Urbanity Dance will present inTENtion, the Professional Company’s season finale and the culmination of Urbanity’s 10 Year Anniversary season. Held at the Multicultural Arts Center in Cambridge, on Friday, May 20 and Saturday, May 21, 2022 at 7:30pm, the performance features the premieres of newly commissioned works by acclaimed choreographers Meg Anderson (Urbanity Artistic Associate), Key’Aira Lockett (former Urbanity Company member; Dance Fellow at The ICA), Levi Marsman (Ailey II alum; dance educator at the Ailey School, Boston Conservatory at Berklee, and Urbanity), Asia Pyron (Director of PYDANCE), Nailah Randall-Bellinger (dance educator; scholar at Harvard University), and Chun Jou Tsai (former Urbanity Company member; Director of CJT Dream Dance).
The pieces will be performed by Urbanity Dance Professional Company members Meg Anderson, Haissan Booth, Haley Day, Katie Grenier, Olivia Link, Kendall Niblett, and Nia Sadler.
The works featured in inTENtion include:
-a new work by Meg Anderson featuring six dancers, performing in two separate locations-both on-stage and in a different room, projected by video feed onto the stage. “The piece began as an experiment about perception,” explains Meg. “I am interested in what gets lost in translation, or what is perceived versus what is actually happening. I am also interested in what changes between the performers when they can see each other and when they can’t.”
-smile by Key’Aira Lockett, in collaboration with the dancers, features seven Urbanity Dance Professional Company members (full company). smile is set to music by Jay-Z, Gil Scott-Heron, Nina Simone and Kanye West. The new work “reflects the times we’re in, especially in urban communities…reconstructing the metaphysical and economic wall that separates the ‘we’ from the ‘them,’ and finding new materialities that consciously acknowledges and accepts difference, while at the same time [being] fluid enough to move in and out of with free will,” says Key’Aira.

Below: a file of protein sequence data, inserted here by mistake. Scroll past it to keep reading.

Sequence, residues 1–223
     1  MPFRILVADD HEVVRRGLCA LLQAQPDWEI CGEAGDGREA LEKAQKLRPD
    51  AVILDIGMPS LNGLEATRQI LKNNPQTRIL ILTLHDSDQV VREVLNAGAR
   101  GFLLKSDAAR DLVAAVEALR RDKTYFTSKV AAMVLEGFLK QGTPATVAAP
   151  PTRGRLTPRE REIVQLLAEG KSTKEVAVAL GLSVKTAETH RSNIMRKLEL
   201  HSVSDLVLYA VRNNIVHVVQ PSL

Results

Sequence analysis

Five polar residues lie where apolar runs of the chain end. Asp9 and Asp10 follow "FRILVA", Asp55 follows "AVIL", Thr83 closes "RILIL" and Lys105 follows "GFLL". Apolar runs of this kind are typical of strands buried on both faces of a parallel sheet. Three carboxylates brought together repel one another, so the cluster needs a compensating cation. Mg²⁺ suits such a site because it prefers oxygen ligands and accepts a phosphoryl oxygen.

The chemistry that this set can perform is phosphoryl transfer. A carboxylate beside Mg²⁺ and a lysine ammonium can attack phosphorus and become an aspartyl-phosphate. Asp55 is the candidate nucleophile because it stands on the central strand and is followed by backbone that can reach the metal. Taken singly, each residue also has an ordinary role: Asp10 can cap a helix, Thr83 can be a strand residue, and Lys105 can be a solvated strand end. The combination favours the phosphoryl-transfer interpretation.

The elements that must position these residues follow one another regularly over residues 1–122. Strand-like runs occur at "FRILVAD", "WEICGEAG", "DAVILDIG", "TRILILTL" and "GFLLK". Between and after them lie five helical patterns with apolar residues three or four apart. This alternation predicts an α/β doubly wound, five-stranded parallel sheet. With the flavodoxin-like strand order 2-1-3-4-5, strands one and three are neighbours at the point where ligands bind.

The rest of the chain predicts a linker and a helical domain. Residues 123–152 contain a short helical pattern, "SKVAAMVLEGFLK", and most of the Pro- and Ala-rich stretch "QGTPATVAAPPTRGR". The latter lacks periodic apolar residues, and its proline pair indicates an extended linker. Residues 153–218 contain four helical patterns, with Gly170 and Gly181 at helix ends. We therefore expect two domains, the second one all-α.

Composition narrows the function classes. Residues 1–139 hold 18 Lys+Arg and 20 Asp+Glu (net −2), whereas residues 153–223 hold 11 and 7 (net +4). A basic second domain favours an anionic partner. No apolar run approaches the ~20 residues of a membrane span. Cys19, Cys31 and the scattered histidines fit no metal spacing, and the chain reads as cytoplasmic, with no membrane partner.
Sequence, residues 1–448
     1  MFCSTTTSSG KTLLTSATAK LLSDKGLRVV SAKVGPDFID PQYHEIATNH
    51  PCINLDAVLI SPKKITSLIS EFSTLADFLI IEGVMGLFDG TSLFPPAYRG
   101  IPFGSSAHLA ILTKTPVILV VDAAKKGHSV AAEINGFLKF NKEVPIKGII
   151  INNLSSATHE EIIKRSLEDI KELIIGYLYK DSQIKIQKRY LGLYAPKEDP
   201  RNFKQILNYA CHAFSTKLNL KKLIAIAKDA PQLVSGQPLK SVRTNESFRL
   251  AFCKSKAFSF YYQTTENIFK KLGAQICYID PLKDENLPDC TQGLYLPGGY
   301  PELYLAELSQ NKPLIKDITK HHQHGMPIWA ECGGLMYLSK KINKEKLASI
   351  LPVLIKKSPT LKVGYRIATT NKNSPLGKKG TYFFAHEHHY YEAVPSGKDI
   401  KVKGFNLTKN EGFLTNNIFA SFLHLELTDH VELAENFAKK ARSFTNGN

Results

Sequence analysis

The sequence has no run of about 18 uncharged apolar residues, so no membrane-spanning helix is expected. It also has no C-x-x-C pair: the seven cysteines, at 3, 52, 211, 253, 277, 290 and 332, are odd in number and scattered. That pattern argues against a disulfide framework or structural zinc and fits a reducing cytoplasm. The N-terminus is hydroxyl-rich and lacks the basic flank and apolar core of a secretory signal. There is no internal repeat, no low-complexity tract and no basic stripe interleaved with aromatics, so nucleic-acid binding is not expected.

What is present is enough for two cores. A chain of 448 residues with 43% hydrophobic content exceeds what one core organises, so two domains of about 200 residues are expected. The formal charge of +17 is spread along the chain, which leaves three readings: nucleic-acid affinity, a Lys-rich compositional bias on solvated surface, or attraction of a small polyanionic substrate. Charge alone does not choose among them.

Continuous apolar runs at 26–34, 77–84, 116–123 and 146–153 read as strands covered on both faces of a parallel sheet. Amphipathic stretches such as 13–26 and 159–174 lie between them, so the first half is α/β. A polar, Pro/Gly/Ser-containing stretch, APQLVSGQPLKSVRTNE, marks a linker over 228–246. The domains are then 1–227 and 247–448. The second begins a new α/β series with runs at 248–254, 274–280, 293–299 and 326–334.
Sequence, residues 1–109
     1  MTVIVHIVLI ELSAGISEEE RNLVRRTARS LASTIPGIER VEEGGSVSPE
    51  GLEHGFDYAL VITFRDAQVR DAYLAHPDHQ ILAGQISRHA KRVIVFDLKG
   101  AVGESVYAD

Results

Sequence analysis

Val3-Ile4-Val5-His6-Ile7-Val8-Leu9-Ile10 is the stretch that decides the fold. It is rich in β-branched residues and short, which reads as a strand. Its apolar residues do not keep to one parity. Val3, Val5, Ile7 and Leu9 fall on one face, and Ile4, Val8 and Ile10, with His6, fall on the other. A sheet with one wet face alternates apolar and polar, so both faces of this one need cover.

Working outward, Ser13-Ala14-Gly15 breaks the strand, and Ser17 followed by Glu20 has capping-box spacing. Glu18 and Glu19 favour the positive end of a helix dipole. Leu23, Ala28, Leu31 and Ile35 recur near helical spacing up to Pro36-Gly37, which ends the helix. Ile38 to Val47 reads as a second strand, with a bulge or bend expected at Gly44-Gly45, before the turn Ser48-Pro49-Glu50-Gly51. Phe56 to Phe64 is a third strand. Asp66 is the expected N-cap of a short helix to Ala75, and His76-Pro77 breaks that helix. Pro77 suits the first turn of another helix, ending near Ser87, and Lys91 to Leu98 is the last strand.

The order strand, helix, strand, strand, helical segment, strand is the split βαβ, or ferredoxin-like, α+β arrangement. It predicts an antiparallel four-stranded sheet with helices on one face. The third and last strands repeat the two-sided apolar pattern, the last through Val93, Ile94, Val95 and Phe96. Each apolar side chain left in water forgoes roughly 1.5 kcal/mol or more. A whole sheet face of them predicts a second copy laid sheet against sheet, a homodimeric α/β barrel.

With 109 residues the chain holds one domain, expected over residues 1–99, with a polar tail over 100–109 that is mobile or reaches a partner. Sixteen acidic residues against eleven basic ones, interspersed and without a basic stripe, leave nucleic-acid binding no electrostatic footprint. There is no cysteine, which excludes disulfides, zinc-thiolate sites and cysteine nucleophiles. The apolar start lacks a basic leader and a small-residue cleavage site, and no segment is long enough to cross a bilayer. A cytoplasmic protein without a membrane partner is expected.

-One, Two, We by Levi Marsman for three dancers is an abstract work for three dancers, diving into the need for individuality and connection and set to music by Max Richter and Olafur Arnald. “I’m hoping to showcase each of the dancers’ strengths as individuals, in unison, and their strengths together. My goal is to show the beauty of each of those qualities in the dance,” says Levi.
-A Scene from the End by Asia Pyron/PYDANCE features seven Urbanity Dance Professional Company members (full company) and is set to “Strings of Life” by Derrick May. “Witness this scene from the end of the world and ask yourself what would your last efforts be when your world comes to an end. Who are you with? Where will you go? Has your world already ended in the past? Has it been reborn since then?” says Asia.
-From Where I Sit by Nailah Randall-Bellinger for four dancers, explores perspective reasoning. “Though we as human beings may share space and experiences, it’s our individual identities and where we are situated in that shared space that we observe ‘life’ and form our perspective. As such perspectives create differences, they may or may not support a true humanity” says Nailah.
-a new solo work by former Urbanity company member Chun Jou Tsai based on the idea of the Plume (Lingzi), which is the long pheasant tail feathers worn on warriors’ helmets in Chinese opera. The choreography merges traditional Asian dance elements with western contemporary forms.
Friday, May 20, 2022 at 7:30pm
Saturday, May 21, 2022 at 7:30pm
Multicultural Arts Center | 41 Second St | Cambridge, MA
Tickets: $50 VIP Seating; $28 General Admission; $23 Students, Seniors, BDA Members
Levi Marsman – One, Two, We